Expert FX aside, this movie is one Action Extravaganza of a romp! It may not've had a ton of competition against this slew of gothic horror, but man, if you're looking for a movie to make the popcorn go down smooth, look no further.
WINNER: Leprechaun 2
MY CHOICE: Ghoulies IV
I fucking hate Ghoulies - not sorry. I mean, Ghoulies II is pretty ok (and so is Leprechaun 2 actually), but Ghoulies and Ghoulies III stink, and part IV was hardly an improvement. Though I would say it's better than III - if for no other reason than - like Troll 2 - it has absolutely nothing to do with its predecessors (in that it has almost nothing to do with "Ghoulies" as we know them).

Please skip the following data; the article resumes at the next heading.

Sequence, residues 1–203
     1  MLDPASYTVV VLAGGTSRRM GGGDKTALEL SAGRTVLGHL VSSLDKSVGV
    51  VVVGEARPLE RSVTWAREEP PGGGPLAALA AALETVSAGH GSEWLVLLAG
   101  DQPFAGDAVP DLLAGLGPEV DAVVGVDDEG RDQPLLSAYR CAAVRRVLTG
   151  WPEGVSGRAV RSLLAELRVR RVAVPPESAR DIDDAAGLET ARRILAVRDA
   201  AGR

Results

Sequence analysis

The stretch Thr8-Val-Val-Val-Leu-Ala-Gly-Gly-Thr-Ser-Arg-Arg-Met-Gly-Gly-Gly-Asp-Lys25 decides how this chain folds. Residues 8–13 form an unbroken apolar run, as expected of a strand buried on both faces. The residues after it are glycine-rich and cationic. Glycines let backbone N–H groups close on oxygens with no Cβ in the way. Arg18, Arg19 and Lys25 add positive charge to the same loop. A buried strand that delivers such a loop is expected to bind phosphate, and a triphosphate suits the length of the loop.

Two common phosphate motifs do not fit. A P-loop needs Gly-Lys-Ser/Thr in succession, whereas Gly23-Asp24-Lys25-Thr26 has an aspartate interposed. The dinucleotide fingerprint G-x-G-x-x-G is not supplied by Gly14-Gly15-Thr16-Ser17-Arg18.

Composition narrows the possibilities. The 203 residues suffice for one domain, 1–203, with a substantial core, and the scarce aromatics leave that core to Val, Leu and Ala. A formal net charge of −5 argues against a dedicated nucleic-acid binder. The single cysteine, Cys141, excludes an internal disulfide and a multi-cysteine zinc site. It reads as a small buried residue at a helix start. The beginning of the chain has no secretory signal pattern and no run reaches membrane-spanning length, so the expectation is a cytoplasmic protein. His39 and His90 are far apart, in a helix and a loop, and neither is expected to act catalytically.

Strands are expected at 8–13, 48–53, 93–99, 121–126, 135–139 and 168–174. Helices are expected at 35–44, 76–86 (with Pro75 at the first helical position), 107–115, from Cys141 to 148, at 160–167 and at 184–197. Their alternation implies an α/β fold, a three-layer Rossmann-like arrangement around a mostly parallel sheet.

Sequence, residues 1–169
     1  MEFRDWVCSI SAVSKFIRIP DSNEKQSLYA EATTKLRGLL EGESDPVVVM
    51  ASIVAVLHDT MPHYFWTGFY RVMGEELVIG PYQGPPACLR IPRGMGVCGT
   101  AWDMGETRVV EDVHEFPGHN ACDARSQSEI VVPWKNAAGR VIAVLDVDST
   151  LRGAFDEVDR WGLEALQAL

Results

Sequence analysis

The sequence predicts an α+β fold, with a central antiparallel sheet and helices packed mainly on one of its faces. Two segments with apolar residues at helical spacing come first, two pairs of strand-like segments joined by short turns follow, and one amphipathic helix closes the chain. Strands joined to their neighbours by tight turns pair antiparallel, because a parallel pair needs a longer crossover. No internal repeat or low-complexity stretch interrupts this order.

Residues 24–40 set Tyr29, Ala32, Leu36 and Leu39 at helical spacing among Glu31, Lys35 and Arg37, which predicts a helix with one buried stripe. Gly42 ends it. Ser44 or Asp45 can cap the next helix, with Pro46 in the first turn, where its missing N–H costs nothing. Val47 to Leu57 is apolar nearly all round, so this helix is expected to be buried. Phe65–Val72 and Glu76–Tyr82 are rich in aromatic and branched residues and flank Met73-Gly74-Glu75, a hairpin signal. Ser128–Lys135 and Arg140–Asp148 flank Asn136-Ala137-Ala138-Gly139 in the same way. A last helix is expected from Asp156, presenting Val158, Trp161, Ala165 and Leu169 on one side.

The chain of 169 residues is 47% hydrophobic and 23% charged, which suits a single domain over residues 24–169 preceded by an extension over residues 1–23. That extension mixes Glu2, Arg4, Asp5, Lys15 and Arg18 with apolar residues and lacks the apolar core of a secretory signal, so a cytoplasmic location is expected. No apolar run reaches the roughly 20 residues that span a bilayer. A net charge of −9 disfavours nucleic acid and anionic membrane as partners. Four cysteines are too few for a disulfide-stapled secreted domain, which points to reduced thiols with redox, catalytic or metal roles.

FANGORIA HALL OF FAME
RECIPIENTS: Peter Cushing, Heather Langenkamp
Can't really argue with this, I guess. Even by '94, they'd already inducted every Horror legend you could think of - from Dario Argento to Dick Miller - and since then they've welcomed everyone from Emily Perkins to Rob Zombie.
But when I think of Fango as a concept, I think of their heyday and what shaped them (and how they, in turn, shaped me). So then who better to honor than an Elm Street resident and a Crystal Lake camper? On my imaginary ballot (which is now real, kinda) my write-ins are Mark Freddy's Revenge Patton and Deborah F13 A New Beginning Voorhees.
I sure hope this has inspired you to make your own choices in this very important election. If not, thanks for indulging me with this and many, many more things like this to come.